UN panel rules Julian Assange arbitrarily detained, entitled to liberty & compensation
A UN panel has ruled that WikiLeaks founder Julian Assange has been ‘arbitrarily detained’ in the Ecuadorian embassy in London, calling upon the UK and Sweden to end Assange’s deprivation of liberty.
"The Working Group on Arbitrary Detention (WGAD) … considered that Mr. Julian Assange was arbitrarily detained by the Governments of Sweden and the United Kingdom of Great Britain and Northern Ireland,” the statement said.
The group concluded that the WikiLeaks founder “is entitled to his freedom of movement and to compensation.”
“The Working Group considered that Mr. Assange has been subjected to different forms of deprivation of liberty: initial detention in Wandsworth Prison [in London] which was followed by house arrest and his confinement at the Ecuadorian embassy.”
The panel said that it ruled that Assange’s detention “was arbitrary” as he was “held in isolation during the first stage of detention.” Also that “the lack of diligence" by the Swedish Prosecutor in its investigations resulted in the “lengthy detention of Mr. Assange.”
The UN panel also called upon UK and Swedish authorities “to assess the situation” of the WikiLeaks founder and “ensure his safety and physical integrity” and to “facilitate the exercise of his right to freedom of movement in an expedient manner.”
“The Working Group also considered that the detention should be brought to an end,” the experts concluded.
UK authorities, however, rejected the UN panel’s ruling on Assange, saying that they are legally obligated to extradite him to Sweden.
"This changes nothing. We completely reject any claim that Julian Assange is a victim of arbitrary detention. The UK has already made clear to the UN that we will formally contest the working group's opinion," a government spokesman said.
According to the spokesman, Assange "is, in fact, voluntarily avoiding lawful arrest by choosing to remain in the Ecuadorian embassy.”
Julian Assange detention - by the numbers pic.twitter.com/v4sdSNqnXv— WikiLeaks (@wikileaks) February 5, 2016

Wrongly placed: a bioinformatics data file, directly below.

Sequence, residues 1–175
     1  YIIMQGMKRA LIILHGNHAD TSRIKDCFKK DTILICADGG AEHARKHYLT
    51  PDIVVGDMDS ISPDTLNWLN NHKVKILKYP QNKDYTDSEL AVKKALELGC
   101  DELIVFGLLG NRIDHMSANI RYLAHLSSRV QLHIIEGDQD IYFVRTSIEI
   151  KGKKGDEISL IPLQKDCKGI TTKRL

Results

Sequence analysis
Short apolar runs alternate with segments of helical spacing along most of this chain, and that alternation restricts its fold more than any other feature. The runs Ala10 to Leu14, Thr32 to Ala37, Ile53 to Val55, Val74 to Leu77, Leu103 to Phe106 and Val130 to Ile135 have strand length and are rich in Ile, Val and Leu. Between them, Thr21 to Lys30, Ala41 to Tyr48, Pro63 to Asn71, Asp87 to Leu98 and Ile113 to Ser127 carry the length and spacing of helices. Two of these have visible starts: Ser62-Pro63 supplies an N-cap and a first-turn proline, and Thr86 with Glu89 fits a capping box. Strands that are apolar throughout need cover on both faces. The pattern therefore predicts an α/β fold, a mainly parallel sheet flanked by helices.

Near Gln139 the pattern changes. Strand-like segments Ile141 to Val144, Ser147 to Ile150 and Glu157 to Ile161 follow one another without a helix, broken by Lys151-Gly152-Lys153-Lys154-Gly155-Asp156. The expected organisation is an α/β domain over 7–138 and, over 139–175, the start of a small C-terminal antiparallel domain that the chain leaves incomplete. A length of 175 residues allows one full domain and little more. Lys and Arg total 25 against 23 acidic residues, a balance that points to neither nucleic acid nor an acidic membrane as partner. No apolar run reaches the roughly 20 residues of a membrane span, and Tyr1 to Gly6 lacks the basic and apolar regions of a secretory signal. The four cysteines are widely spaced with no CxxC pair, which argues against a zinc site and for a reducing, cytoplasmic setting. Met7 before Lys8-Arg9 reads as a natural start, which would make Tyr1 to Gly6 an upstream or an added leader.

The Swedish government said that any decision regarding the preliminary investigation, for example regarding detention in absentia, is taken by independent judicial authorities.
Reporters Without Borders (RSF) said the organization was “extremely pleased” by the UN panel decision and urged Britain and Sweden to “heed this very clear message.”
“In the absence of guarantees, the possibility that the founder of WikiLeaks could be sent against his will to face criminal charges in the United States in connection with the leaks posted on the website is not only not negligible but in fact poses a major threat both to himself and, more broadly, to freedom of information,” RSF secretary-general Christophe Deloire said.
Heavy media presence at the Ecuadorian Embassy here in London. No police... Yet! pic.twitter.com/GQ6QXtJust— Andrew J McNair (@andrew_mcnair) February 5, 2016
The WikiLeaks founder filed a complaint against Sweden and Britain to the UN Working Group on Arbitrary Detention back in September 2014.
In Sweden, Assange is wanted for questioning regarding allegations of sexual assault against two women in 2010, which he has always denied. The WikiLeaks founder says that he fears that if he goes to Sweden he will have to face a tribunal in the US for publishing classified documents. Stockholm, however, has refused to guarantee that this would not happen.
In August, Swedish prosecutors said they would drop the investigation into two allegations of sexual molestation and one of unlawful coercion as the statute of limitations had run out. One outstanding allegation of rape remains, about which Assange is still to be questioned.
On Thursday, an official from OHCHR (Office of the United Nations High Commissioner) Christophe Peschoux said if the UN panel concludes that a person's rights have been violated then "the decision is indirectly, but still legally binding on the relevant authorities and states."
The opinions of the Working Group on Arbitrary Detention are legally-binding to the extent that they are based on international human rights law, such as the International Covenant on Civil and Political Rights (ICCPR). The binding nature of its opinions derives from the collaboration by states in the procedure, the adversarial nature of is findings and also by the authority given to the WGAD by the UN Human Rights Council.